Money Talk: Playing it safe could mean losing moneyQ: The certificate of deposit I owned in my Roth IRA recently matured. I’ve put the money into a Roth passbook account until I can figure out what to do with it. I’m a public school teacher and have a 457 deferred compensation plan to which I contribute monthly. I am 57 and will need to work until I am at least 65. What should I do with the money in my Roth?
By: Liz Weston, INFORUM
Q: The certificate of deposit I owned in my Roth IRA recently matured. I’ve put the money into a Roth passbook account until I can figure out what to do with it. I’m a public school teacher and have a 457 deferred compensation plan to which I contribute monthly. I am 57 and will need to work until I am at least 65. What should I do with the money in my Roth?
A: As a public school teacher, you probably have a defined benefit pension that will give you a guaranteed monthly check for life once you retire. Depending on how long you’ve taught and where, this pension could cover a substantial portion of your living expenses.
The guaranteed nature of this pension means that you may be able to take more risk with your other investments. That would mean your Roth could be invested in stock mutual funds or exchange-traded funds that offer potential for growth. CDs and other “safe” investments can’t offer that – in fact, your money loses purchasing power since you’re not earning enough interest to even offset inflation.
Since you’re so close to retirement, you should invest a few hundred dollars in a session with a fee-only financial planner who can review your situation and offer personalized advice.
Q: My husband and I are recovering from a job loss four years ago. We used up all our savings and home equity. My husband is now employed, but we are struggling to keep ahead even with a salary of about $100,000. I was a stay-at-home mom for the first 10 years of our kids’ lives and now I work two part-time jobs to help with our expenses. We are trying to follow the 50/30/20 budget plan you recommend, but can’t seem to get our “must haves” – which are supposed to be no more than 50 percent of our after-tax income – down from 80 percent to 90 percent. Most of the rest goes for “wants,” such as the kids’ dance classes and soccer teams and for cellphones.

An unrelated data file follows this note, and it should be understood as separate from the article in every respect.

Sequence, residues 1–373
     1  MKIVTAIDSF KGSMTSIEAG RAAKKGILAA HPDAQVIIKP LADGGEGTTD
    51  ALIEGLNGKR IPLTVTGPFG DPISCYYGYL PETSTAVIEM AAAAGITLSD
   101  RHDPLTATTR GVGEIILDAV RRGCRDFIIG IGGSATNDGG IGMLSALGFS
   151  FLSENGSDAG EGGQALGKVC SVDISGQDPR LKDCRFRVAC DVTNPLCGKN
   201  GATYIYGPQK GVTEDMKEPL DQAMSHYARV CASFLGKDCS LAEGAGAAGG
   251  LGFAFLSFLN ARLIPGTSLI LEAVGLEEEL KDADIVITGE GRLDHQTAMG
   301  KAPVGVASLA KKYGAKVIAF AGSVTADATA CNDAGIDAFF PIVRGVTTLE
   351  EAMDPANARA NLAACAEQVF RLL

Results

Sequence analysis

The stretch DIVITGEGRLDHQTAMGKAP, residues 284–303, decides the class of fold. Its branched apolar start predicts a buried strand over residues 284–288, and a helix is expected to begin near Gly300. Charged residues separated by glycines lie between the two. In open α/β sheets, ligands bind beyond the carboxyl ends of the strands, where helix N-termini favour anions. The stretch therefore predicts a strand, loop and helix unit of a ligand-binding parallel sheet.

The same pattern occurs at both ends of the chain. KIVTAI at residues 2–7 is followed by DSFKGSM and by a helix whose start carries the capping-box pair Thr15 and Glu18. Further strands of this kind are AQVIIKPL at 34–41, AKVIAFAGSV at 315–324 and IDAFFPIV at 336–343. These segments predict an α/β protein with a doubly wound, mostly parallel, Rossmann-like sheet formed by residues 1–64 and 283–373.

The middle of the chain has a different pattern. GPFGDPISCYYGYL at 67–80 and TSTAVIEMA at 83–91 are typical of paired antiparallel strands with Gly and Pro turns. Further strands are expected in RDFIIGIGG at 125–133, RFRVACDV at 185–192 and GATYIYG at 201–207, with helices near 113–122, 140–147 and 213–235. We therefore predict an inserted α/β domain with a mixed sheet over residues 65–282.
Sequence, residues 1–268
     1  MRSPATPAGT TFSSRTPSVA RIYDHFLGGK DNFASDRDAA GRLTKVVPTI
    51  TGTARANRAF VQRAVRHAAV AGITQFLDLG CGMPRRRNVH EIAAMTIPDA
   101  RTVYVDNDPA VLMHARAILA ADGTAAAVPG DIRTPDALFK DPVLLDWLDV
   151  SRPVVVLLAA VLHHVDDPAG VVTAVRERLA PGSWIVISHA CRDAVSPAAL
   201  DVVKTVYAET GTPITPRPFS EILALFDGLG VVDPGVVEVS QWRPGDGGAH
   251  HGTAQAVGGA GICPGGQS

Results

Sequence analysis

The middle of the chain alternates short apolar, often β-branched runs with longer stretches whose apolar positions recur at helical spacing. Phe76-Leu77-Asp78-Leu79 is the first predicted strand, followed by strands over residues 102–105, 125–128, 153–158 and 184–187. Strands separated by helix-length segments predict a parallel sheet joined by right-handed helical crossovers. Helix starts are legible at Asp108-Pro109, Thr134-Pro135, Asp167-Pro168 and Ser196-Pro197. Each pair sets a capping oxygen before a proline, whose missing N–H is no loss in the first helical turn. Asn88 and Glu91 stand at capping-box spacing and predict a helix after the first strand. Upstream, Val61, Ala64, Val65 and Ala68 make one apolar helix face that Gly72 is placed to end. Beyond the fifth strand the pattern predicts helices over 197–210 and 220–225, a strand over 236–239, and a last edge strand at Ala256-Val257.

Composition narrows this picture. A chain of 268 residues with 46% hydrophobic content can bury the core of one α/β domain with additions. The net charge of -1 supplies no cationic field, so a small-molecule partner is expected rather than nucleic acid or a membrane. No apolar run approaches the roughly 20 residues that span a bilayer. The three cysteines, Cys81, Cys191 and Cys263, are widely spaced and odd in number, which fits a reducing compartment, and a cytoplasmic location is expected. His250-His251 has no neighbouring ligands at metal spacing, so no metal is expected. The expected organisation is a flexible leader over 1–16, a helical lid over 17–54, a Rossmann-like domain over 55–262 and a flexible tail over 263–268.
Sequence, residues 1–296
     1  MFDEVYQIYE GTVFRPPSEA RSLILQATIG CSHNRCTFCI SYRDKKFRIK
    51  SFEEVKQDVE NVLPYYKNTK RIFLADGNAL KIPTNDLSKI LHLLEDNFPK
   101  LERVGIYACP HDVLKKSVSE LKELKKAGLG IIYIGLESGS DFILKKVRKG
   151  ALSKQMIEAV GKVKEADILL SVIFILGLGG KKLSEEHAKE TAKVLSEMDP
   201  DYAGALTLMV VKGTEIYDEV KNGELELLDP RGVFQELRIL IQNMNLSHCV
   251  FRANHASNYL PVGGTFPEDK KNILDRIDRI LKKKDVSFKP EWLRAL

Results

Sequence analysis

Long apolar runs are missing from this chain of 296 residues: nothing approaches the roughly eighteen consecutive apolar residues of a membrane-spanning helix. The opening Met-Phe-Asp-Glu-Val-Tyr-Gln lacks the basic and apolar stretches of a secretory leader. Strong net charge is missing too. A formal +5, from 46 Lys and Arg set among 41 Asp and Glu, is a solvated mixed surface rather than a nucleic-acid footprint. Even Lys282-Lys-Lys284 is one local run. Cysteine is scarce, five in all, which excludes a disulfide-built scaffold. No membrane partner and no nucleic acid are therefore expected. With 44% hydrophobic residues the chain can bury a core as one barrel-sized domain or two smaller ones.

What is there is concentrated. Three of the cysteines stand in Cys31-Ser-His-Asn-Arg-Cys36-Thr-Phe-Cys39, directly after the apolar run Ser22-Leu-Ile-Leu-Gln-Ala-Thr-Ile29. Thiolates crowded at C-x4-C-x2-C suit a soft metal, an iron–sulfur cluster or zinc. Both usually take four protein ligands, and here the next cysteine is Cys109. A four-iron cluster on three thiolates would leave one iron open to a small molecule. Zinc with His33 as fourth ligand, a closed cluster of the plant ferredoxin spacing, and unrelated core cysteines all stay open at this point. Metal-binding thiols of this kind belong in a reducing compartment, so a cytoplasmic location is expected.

We’re not saving anything although we’re trying to whittle down our credit card debt. I have tried several times to refinance our first and second mortgages and home equity line of credit but have found we don’t qualify because too much is owed on our modest three-bedroom, one-bath house, which has gone down significantly in value. We also have two car loans that are worth more than the cars, and the insurance is killing us.
Amazingly enough, we have never been late on a payment. We just can’t get ahead. Did I mention that both kids need braces?
A: You clearly can’t afford your life, and things will only get worse if you don’t get your spending in line with your income.
Your first step should be to consult with a HUD-approved housing counselor, who can advise you of your mortgage options. You can get referrals from http://www.hud.gov. If your first mortgage is held by Fannie Mae or Freddie Mac, you may be able to refinance it through the federal government’s Home Affordable Refinance Program. Even if you’ve been turned down by one lender, you can try with another.
The Federal Housing Administration and the Veterans Administration also have streamlined refinancing programs for their underwater loans.
Government programs usually define an “affordable” payment as one that’s 31 percent or less of your gross income, but that may be too high for many families to comfortably handle. Ideally, your housing costs – including mortgage, property taxes and insurance – would consume no more than about 25 percent of your gross (pre-tax) income.
If you exhaust your options and can’t get your mortgage payments down to an affordable level, you should consider a short sale of your home. Moving is terribly disruptive and expensive but it’s better than letting a house sink your finances.
Then take a look at your cars. You can make the argument that one car is a necessity, but having two is typically more of a convenience than a “must have.” Getting rid of one could dramatically lower your insurance and transportation costs.
Since you’re underwater on both, you’ll need to look at which is cheapest to operate and which is closest to being paid off. If they’re the same, then your choice is easier – you can work toward paying that car off faster so you can sell it.
Liz Weston is the author of the new book “Deal with Your Debt.”